50 shades of grey

Apologies, you’re not going to get a run down of the raunchy life of an American billionaire, you are however going to get some insight into the mind of someone with OCD.

When I first went into cognitive behavioral therapy, CBT for short, which is a way of retraining the brain, we focussed on a couple of things. I must say I was lucky with my first experience of therapy, I had a Scottish woman and we clicked, as discussed in the comments section previously, it is very important you like and trust your therapist otherwise you’ll get nowhere. My therapy session also happened to be right next to a school which didn’t help to begin with but there we go. My other experiences were not as good but I digress.

So two major things we focussed on, vicious flowers which I’ll touch on another time and black and white thinking. Typically in an OCD mind we think very black and white about things, or to put it another way, good or bad. We are either good or we are bad, we can not be in between. My therapist would draw a line on the paper, good on one end, evil on the other and I was asked to plot people on that line. Hitler on one very end and Mother Theresa on the very other, the extremes of people. In the middle other people I knew, and famous people I didn’t and the line filled with a cluster of people who are mostly good. I was then, you guessed it, asked to put myself on the line. My instinct took me next to Hitler, that’s how I felt, I felt as evil as a mass murderer because I was believing a thought to be true. She then asked where other people would put me and I erred towards the middle, but they didn’t know what I was capable of, so of course they would put me there.

We then moved on, collected evidence of bad things I had done in life, which of course, I had done. I had stolen, lied, cheated and manipulated over my 22 years, so yes I had a past, I had done bad things, some were the result of illness unknown but are in no way an excuse. The therapist then shared instances in which she had also done the similar things, and did I think of her as a bad person? Of course I didn’t. We then went through the good I had done, I was loyal, honest, kind and raised money for those in need. The bad didn’t outweigh the good, and the good didn’t outweigh the bad. I wasn’t 100% black nor was I 100% white, I existed in the middle, I existed in the grey.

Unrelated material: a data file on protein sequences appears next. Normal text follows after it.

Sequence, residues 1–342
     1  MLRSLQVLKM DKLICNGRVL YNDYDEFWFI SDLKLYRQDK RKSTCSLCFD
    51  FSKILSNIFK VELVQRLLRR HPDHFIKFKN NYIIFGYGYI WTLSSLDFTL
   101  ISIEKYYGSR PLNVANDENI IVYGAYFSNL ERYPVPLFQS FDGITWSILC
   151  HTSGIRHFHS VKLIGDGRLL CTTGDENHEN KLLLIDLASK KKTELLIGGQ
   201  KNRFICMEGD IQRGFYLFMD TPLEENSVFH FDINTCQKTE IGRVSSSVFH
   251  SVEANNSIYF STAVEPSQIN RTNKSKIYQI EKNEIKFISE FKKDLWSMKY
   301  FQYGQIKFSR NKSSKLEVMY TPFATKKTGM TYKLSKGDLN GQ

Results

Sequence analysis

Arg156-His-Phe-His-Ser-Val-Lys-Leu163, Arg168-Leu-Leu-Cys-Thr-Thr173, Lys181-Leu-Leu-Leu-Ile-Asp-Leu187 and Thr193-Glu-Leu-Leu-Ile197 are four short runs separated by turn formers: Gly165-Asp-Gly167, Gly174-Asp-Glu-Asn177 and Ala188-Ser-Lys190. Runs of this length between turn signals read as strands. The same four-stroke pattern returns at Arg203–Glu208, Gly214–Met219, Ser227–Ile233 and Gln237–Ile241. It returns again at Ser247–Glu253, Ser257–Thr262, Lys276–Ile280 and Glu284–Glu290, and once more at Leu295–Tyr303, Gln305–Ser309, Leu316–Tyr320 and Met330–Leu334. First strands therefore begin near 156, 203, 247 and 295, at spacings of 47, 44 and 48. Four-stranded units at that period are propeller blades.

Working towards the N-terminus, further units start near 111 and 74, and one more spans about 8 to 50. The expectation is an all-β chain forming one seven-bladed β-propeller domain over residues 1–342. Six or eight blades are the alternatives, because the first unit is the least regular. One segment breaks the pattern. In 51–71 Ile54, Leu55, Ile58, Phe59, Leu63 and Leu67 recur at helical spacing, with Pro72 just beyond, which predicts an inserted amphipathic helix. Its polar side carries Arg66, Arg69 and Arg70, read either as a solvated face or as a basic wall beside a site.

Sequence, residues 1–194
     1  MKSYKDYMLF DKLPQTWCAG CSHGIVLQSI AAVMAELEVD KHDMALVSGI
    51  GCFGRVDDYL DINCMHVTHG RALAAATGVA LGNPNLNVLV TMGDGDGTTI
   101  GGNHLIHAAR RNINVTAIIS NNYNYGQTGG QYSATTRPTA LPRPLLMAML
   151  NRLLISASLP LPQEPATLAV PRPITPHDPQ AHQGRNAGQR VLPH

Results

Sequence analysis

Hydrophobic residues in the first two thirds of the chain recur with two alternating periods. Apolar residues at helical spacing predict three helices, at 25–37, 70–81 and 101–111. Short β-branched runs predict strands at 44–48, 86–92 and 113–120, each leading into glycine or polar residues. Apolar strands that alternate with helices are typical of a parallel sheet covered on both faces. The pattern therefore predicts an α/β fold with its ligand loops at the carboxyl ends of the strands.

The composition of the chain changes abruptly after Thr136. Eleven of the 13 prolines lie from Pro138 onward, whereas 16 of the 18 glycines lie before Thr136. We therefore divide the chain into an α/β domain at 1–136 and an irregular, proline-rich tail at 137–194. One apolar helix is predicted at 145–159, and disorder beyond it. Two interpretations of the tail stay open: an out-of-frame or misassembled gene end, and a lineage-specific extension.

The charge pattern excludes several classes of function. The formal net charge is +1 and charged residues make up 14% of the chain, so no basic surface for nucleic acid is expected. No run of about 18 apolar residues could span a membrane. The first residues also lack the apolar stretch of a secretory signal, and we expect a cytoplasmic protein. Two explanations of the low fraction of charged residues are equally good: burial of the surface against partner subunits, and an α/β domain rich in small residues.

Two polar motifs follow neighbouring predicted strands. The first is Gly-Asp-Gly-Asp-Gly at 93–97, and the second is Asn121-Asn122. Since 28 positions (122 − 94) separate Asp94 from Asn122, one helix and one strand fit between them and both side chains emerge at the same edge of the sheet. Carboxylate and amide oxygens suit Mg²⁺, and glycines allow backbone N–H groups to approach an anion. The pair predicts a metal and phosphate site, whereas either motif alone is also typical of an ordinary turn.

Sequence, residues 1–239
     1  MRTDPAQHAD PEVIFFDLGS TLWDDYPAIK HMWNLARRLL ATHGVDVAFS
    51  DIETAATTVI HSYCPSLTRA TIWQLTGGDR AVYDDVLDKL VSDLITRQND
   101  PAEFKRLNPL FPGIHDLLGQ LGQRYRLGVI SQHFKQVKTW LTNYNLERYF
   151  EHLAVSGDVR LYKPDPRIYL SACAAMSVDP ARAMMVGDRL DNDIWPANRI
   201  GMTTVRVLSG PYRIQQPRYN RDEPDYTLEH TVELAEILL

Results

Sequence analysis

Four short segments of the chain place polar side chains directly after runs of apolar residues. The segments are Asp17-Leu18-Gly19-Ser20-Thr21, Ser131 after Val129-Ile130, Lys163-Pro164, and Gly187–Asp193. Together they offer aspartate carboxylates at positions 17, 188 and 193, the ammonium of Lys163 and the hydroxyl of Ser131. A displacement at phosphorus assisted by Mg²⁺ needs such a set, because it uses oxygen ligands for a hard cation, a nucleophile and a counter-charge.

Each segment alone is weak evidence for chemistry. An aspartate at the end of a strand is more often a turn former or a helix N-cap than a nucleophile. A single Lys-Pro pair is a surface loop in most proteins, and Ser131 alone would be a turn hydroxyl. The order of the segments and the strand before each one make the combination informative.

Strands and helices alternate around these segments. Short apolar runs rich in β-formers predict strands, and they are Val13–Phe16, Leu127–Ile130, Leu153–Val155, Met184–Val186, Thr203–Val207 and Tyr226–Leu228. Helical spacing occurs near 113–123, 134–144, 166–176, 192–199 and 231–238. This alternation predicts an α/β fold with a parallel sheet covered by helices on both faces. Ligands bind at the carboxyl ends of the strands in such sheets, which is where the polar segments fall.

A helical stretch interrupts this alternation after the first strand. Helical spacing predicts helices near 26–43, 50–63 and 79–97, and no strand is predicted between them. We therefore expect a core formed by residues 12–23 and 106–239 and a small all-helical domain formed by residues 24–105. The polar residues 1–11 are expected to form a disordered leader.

She then moved on to my thought, what was this thought? Black or white? Black clearly, evil thought. Well, she said, it prompts anxiety, which means you don’t want it, which makes it white surely? I argued, she argued. She proposed, could it just be grey, can you live with this thought possibly being true? We don’t have a crystal ball, so I can’t tell you if is black or white, so let’s leave it in the grey.

It left me uneasy, and to be honest I still struggle, I’d love one wish to see myself on my deathbed and know I had not done anything I fear but I can’t do that. I live my life mostly in the grey, somethings I do are 100% good and some are not. Over the years I am learning, learning to live among the shades of grey.

2 thoughts on “50 shades of grey

  1. This is so relatable, I ‘ve done some really bad things over the course of my life too, and I’m weighed down by feeling like a complete P.O.S most of the time. I sometimes joke that I’m the guiltiest feeling non-Catholic person ever, because I can’t go through the day without second-guessing myself constantly and reminding myself- probably more than once an hour- that I am a miserable excuse for a human being. I’ve felt this enormous sense of guilt since I was a kid and I don’t know how to let go of it. Thanks for sharing, hang in there! 🙂

    Like

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